The best tip to avoid mosquitoes is to not go where they are. However, living in Florida makes this very difficult because mosquitoes are everywhere. The following are tips so you can enjoy the outdoors in Jacksonville.
- During periods of excessively high mosquito incidence, stay indoors as much as possible
- Wear protective clothing during times and in locations of high mosquito incidence. No, this doesn't mean finding chemical suits, respirators, and rubber gloves to wear. Protective clothing includes long pants, long-sleeve shirts, shoes and socks. Be aware mosquitoes can bite right through T-shirts and other lightweight, tight-fitting clothing.
- Use an EPA registered insect repellent before going into high-risk areas or when outside during high-risk times. The most effective protection may be obtained through the use of products containing at least 20 to 35% DEET for adults and up to 10% DEET for children. Other excellent active ingredients include Picaridin, IR3535, and oil of lemon eucalyptus. Follow the directions carefully and do not over apply. Mosquitoes will bite unprotected skin, so apply repellent to all exposed areas of the body as well as to your clothing. Don't allow repellent to get in your eyes, mouth or nose. (The Centers for Disease Control has information that answers various questions regarding insect repellent use and safety.)
- Keep window screens and screened rooms in good repair. Screen doors should open outward and have automatic closing devices and latches to prevent them from being accidentally left ajar.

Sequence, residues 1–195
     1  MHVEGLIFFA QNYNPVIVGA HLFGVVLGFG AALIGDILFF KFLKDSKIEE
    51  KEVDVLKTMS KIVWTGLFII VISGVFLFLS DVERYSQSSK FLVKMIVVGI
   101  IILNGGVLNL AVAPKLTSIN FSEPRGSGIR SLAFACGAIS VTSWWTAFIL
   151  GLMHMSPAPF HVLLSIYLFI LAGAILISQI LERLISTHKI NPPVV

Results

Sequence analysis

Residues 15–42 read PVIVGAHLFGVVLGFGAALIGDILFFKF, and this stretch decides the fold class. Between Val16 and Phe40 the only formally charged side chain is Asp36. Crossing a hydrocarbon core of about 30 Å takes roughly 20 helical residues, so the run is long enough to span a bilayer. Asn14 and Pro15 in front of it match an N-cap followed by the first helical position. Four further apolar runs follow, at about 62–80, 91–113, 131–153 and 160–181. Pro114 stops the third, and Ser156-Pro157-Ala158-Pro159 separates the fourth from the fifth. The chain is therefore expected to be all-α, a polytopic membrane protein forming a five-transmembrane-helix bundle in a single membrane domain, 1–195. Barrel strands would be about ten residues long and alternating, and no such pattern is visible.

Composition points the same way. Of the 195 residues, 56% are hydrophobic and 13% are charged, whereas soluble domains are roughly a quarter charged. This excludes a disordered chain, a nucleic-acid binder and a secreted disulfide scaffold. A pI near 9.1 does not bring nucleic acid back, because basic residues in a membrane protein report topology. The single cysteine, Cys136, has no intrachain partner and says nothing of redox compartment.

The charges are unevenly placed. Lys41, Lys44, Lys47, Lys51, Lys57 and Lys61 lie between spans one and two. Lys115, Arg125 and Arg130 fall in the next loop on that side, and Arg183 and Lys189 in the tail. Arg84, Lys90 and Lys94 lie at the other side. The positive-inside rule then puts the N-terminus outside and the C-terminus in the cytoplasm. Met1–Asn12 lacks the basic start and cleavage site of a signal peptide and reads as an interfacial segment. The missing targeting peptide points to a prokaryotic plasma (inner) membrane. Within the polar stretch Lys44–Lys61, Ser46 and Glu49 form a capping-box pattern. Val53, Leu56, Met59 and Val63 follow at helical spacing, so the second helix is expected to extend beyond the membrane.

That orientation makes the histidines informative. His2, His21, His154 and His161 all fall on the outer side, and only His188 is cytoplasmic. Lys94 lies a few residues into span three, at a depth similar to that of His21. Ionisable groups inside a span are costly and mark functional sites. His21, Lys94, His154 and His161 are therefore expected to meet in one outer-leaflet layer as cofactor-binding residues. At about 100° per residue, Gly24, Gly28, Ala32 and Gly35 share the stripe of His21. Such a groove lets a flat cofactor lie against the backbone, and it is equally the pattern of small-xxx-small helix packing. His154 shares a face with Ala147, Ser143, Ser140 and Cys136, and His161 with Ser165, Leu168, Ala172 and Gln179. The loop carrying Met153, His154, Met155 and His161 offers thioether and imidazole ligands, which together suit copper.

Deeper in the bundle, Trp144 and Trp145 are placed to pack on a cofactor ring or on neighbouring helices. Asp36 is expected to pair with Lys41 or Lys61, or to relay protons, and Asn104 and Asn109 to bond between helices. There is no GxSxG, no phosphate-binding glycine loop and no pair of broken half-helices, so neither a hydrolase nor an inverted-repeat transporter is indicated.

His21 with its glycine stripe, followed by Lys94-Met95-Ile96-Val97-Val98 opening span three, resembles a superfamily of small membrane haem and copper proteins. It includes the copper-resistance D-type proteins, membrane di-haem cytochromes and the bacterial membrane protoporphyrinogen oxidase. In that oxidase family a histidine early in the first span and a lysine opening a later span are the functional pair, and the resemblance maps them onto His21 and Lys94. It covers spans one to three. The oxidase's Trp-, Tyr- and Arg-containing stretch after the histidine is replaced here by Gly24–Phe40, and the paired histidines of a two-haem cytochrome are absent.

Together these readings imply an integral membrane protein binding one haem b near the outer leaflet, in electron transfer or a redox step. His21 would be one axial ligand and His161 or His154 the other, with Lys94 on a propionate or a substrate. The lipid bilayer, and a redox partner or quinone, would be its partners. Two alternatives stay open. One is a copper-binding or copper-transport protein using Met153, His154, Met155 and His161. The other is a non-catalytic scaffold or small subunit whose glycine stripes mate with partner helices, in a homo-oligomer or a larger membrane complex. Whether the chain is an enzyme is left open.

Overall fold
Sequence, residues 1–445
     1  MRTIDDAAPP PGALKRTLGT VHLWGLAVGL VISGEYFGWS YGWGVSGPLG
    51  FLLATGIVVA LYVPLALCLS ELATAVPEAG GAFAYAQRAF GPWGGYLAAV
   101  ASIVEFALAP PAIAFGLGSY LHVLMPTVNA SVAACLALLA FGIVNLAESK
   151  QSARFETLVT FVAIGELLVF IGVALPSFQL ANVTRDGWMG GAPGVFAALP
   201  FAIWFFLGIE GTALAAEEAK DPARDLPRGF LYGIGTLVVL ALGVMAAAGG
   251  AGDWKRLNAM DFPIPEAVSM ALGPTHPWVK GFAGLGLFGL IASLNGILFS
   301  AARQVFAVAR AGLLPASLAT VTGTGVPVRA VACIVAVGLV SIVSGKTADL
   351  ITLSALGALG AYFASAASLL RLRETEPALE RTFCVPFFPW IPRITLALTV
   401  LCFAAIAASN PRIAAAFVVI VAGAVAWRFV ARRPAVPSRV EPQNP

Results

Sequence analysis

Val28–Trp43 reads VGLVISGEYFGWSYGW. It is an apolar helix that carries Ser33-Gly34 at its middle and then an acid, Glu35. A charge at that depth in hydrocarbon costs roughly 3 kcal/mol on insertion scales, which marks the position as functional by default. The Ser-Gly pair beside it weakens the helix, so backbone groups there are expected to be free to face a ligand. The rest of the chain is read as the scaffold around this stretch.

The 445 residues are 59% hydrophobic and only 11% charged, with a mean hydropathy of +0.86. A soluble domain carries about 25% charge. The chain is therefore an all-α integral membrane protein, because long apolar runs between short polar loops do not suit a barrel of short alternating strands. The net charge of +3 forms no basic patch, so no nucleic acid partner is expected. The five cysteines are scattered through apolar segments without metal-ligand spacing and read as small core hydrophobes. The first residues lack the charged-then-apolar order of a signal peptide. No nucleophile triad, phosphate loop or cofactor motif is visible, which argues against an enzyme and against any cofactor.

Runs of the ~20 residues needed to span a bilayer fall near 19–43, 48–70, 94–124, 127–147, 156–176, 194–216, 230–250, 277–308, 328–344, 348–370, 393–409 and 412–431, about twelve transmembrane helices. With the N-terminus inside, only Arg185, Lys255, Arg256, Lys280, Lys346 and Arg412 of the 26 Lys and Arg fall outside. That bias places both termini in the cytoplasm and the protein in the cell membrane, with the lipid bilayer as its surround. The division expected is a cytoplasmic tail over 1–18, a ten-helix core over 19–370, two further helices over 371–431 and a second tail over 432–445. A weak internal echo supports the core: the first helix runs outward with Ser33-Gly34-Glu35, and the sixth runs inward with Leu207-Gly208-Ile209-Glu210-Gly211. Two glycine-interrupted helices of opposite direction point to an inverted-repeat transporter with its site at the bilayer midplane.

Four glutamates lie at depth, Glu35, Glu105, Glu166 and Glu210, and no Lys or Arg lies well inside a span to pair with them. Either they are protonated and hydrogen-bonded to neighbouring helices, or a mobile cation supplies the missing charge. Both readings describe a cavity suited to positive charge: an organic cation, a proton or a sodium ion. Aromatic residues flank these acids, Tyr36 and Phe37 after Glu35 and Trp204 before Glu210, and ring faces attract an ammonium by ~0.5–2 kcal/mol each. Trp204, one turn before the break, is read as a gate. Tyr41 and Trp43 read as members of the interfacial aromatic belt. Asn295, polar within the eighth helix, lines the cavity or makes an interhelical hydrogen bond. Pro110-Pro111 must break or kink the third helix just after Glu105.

- Check around your home for areas where mosquitoes may be breeding and eliminate any standing water. Pet dishes and bird baths need to be checked and refilled a minimum of every 5 days to prevent mosquitoes from breeding.
The University of Florida Cooperative Extention Service of IFAS (Institute of Food and Agritcultural Sciences) has an information page on the internet about protecting horses from mosquitoes and other biting insects.
*Some people may be sensitive to DEET (N,N-diethyl-meta-toluamide) and experience skin reactions such as rashes. A very small number of more serious cases involving children (including a few deaths) have been reported that may have been linked to the repellent. For this reason, health officials recommend that products containing DEET not be used on infants under two months. For children and infants over two months, it is recommended that products containing low amounts of DEET be used according to the label. Those with concerns should consult their family physician or pediatrician. For those who are sensitive to DEET, products containing oil of citronella may provide an alternative. (For more information, refer to the Center for Disease Control's FAQ's for using insect repellents, or the American Academy of Pediatrics, AAP, for information on safely applying DEET on children.)
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